On the face if it, Toro Ross have had made improvements since last year, when they only scored 8 points in 2009. This year so far, they have scored 10 points in 5 different races. However, on closer inspection, if the 2009 points system was in place, they would have a grand total of 1 point, being even worse off than last season.
One good performance in Malaysia isn't enough for Jaime Alguersuari's drive to be secure
When each driver’s performance is compared, it is clear that Sebastien Buemi has been beating Jaime Alguersuari so far, with 7 points to the Spaniard’s 3. When they finish outside the points though, Alguersuari is more consistent, finishing every race and never ending a race lower than 13th, whereas Buemi has retired 3 times, and has had 2 16th position finishes.
While each driver has their advantages and disadvantages, it could be argued that neither driver is performing at full potential. While Buemi led the Canadian Grand Prix for a lap, and scored more than double Jaime’s points tally, he has had 3 retirements, 2 of which were first-lap collisions. While Jaime had a great race in Malaysia, and hasn’t recorded a single retirement, he hasn’t scored a point since Spain, 5 races ago.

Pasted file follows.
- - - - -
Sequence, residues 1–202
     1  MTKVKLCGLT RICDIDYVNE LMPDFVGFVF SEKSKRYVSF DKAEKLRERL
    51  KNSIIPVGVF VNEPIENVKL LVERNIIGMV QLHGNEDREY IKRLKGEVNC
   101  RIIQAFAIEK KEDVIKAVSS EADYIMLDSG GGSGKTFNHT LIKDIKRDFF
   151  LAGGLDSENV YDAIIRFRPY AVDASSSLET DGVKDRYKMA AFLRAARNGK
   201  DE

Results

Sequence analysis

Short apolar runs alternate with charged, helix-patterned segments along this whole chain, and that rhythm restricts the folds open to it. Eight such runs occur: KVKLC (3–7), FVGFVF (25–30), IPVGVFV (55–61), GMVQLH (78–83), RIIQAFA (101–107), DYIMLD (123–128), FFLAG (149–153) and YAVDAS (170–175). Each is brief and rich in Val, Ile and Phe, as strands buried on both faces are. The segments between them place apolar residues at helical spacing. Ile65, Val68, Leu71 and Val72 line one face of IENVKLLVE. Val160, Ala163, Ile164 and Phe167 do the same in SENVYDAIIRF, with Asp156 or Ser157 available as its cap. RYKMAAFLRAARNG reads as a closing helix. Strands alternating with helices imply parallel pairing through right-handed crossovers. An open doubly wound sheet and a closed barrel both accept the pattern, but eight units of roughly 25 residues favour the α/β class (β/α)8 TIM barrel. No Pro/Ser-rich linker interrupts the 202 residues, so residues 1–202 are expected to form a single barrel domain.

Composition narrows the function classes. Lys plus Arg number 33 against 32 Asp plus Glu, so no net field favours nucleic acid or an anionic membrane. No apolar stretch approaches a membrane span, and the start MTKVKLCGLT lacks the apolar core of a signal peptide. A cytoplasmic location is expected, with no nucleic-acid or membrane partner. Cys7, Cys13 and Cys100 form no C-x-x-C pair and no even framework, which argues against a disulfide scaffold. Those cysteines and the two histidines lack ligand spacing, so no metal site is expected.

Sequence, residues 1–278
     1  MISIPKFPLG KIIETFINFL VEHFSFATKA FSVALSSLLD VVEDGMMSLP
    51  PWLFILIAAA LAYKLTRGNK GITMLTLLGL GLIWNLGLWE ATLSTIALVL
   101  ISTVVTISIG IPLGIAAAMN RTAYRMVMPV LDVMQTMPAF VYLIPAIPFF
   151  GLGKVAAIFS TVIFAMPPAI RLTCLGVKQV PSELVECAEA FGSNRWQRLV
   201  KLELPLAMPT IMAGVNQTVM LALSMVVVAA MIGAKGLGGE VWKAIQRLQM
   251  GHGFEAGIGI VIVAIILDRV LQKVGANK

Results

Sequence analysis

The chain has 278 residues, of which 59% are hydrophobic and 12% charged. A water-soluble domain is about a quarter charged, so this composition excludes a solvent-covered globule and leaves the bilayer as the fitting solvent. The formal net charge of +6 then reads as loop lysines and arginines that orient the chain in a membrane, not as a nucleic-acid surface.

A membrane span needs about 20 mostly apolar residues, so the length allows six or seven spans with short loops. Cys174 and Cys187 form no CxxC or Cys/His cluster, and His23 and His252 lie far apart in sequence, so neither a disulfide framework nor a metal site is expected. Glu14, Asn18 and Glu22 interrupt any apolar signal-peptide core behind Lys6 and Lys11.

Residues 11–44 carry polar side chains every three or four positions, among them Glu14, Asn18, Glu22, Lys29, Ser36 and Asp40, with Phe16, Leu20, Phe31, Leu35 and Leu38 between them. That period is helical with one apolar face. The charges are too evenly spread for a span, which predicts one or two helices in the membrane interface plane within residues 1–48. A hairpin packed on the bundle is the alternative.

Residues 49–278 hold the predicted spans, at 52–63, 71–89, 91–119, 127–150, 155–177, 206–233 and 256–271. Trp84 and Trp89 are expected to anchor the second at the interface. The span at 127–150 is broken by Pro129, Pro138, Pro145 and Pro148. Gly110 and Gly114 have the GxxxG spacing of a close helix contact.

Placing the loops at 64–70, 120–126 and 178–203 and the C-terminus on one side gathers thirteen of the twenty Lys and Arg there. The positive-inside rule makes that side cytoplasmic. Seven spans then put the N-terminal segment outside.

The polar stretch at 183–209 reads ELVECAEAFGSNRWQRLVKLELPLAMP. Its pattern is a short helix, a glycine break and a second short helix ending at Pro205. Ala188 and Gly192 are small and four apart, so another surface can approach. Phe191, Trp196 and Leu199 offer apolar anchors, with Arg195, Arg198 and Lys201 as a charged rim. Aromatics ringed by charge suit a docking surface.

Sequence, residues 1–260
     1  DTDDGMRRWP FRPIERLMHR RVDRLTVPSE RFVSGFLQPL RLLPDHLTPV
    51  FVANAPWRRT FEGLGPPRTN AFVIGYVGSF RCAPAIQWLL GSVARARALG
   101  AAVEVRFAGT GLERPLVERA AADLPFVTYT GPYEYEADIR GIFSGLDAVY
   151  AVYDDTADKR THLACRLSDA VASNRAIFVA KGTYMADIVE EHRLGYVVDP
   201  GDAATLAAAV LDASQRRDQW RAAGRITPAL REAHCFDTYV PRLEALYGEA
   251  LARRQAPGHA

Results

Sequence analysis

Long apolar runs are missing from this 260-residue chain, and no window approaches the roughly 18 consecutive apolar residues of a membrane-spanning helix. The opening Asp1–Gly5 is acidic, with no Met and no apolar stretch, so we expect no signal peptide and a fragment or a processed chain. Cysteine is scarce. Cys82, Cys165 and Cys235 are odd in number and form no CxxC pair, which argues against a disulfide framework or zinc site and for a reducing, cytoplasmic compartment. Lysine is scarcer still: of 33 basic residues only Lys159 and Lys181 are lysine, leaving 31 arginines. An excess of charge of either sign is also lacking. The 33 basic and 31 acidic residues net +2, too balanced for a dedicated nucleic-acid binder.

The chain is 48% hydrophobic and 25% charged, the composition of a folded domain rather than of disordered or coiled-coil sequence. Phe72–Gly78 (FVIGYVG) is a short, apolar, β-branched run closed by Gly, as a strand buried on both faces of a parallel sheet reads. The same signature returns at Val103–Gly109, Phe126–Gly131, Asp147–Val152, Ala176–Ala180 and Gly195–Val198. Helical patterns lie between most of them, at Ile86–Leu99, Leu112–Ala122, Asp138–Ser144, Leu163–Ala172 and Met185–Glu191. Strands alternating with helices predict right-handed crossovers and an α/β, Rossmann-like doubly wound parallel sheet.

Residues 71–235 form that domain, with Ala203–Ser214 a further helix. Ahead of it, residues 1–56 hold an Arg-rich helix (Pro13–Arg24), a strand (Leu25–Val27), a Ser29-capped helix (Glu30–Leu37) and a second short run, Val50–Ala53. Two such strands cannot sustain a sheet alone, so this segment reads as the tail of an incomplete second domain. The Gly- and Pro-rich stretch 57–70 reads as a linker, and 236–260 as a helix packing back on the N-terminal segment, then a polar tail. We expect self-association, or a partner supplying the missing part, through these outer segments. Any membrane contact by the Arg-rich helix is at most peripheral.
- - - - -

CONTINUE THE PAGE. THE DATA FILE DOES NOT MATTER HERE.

However, it is being rumoured that Red Bull are eyeing up Buemi for 2012, leaving Alguersuari as the driver who needs to prove himself this season. After about a season in F1 now (he started halfway through 2009), the second half of this season is crucial to him if he is to stay in F1. If he cannot, then there are two very competent drivers who are eager to take his place: Brendon Hartley and Daniel Ricciardo.
So far, I have focused on the drivers, seeing as the car is very reliable with medium pace, which means that the drivers simply have to prove themselves in it. However, for the team themselves, an engine switch may be in order. While their Ferrari unit has not failed yet, it does not have the fuel consumption or pace like the Renault or Mercedes engines do. Seeing as Mercedes are filled up at the moment, Renault would be the optimum choice for Toro Rosso, seeing as their older sibling, Red Bull, already use those engines.
While the Ferrari engine hasn’t been bad to Toro Rosso, if they are to make progress in the constructors’ championship, then they must make changes to their car first. Otherwise, they will be stuck as a midfield team, in which case they will be battling with Lotus very soon, making things even harder for them.